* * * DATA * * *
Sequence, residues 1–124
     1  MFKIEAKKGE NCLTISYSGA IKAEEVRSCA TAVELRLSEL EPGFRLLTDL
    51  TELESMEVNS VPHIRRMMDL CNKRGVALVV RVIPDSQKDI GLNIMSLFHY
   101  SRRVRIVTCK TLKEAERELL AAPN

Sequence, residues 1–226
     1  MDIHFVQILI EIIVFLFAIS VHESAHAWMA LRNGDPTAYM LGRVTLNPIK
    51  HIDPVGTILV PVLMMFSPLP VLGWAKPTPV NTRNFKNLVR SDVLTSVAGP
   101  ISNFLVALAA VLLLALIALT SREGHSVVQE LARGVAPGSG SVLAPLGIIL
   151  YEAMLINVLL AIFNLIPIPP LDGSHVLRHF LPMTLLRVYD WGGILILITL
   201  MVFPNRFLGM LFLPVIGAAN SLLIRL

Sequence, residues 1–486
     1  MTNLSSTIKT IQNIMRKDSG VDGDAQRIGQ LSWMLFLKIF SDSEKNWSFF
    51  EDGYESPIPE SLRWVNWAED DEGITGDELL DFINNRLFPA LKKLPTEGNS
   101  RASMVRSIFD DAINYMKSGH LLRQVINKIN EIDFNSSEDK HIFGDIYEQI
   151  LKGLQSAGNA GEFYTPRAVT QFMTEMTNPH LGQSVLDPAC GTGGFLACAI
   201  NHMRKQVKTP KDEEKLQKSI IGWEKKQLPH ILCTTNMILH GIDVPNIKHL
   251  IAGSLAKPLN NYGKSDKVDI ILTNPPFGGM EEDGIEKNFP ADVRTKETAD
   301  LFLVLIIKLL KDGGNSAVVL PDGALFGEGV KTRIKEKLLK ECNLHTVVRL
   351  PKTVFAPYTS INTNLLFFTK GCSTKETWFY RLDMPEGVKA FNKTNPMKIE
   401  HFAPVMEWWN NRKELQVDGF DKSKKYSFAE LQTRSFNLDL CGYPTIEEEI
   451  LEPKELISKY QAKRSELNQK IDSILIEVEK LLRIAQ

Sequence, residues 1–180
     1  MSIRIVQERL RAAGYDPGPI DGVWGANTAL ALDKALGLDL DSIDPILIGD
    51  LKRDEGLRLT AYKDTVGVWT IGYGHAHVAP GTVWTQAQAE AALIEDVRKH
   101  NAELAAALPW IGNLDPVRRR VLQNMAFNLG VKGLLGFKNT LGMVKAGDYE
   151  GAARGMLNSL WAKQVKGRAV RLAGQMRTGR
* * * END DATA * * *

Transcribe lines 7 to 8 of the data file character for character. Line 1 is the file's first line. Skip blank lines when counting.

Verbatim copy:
    51  HIDPVGTILV PVLMMFSPLP VLGWAKPTPV NTRNFKNLVR SDVLTSVAGP
   101  ISNFLVALAA VLLLALIALT SREGHSVVQE LARGVAPGSG SVLAPLGIIL